Wednesday, September 28, 2011

Newsweek's Report on Women's Progress, plus a Few Leftovers

Note re 8/22 and 9/26 bog posts

I thought Monday's information about "ego depletion" which I found in a NYTimes Book Review and a New Yorker article by John Tierney mentioning "decision fatigue" seemed similar in concept, but I didn't figure it all out until I checked back. Both are authors of a recent book, Willpower. They are both marketing the book zealously as authors must, and in the process are using different language to attract a bigger audience. It worked in one way. I read both articles in full. In another way, it didn't work. I don't now see the book as widely, innovatively interesting and I'm not planning to buy it. H-m-m-m. Makes an author think!

I'm also researching:

•  brain mapping related to emotion and logic related to 9/19 post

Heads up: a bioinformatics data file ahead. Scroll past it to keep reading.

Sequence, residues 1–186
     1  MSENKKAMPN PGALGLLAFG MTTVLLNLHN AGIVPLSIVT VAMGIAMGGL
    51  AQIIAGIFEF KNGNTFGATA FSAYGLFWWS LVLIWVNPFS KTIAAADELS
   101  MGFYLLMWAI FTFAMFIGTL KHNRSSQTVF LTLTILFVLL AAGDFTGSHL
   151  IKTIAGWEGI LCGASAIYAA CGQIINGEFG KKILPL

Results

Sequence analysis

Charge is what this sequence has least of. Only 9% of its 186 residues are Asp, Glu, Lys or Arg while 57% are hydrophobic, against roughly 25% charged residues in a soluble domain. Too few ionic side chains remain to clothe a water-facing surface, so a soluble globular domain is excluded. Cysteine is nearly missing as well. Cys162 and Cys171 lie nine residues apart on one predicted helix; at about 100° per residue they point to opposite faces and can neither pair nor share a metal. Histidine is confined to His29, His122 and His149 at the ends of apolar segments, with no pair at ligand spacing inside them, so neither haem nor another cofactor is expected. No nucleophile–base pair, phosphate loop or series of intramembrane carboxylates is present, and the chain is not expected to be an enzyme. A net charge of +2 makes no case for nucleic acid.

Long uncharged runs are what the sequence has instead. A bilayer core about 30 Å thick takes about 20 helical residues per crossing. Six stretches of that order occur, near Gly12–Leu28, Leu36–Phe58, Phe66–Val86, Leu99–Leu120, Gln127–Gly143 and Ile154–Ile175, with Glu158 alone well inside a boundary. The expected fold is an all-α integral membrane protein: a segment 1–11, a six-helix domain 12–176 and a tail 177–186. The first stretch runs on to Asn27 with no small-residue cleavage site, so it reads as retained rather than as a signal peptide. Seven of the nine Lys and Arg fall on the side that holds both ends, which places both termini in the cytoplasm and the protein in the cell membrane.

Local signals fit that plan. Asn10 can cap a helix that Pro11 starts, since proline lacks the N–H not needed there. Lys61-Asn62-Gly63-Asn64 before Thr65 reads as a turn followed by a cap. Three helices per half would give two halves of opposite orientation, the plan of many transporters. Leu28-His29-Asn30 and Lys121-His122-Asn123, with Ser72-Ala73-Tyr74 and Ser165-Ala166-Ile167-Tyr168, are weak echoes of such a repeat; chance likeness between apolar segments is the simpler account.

•  why the increased interest in Buddha and the brain from 9/9 post

I'd be happy to post your thoughts and name, if you're interested and have more expertise than I on these 2 topics.

Women's Progress According to Newsweek

Today's post, continuing the topic of high-achieving women in a slightly different vein than the Wander Women focus, borrows from Newsweeks's 2011 Global Women's Progress Report. The link provides interesting details about the criteria for determining best and worst.


I'll highlight information that I found interesting.

• Based on categories of Justice, Health, education, Economics and Politics, Iceland, Sweden and Canada were 1, 2, and 3 with the US in 8th place.

• Seven out of ten of the top countries for women are cold: top 3 above plus Scandinavian countries. Any ideas about causation or correlation?

.• A 2007 book, Dutch Women Don't Get Depressed notes that women in the Netherlands are happier because of their sense of personal freedom.

• Women in the US outpace men in college degrees and score 97.3 out of 100 in the general category of Education.

• US has first female CEO of a top-20 US bank, Beth Mooney.

Women are recovering less rapidly than men from the recession. They have lost 218,000 jobs. Again, cause?

Friday, there'll be more content/experience with problem-solving thinking OUT LOUD.
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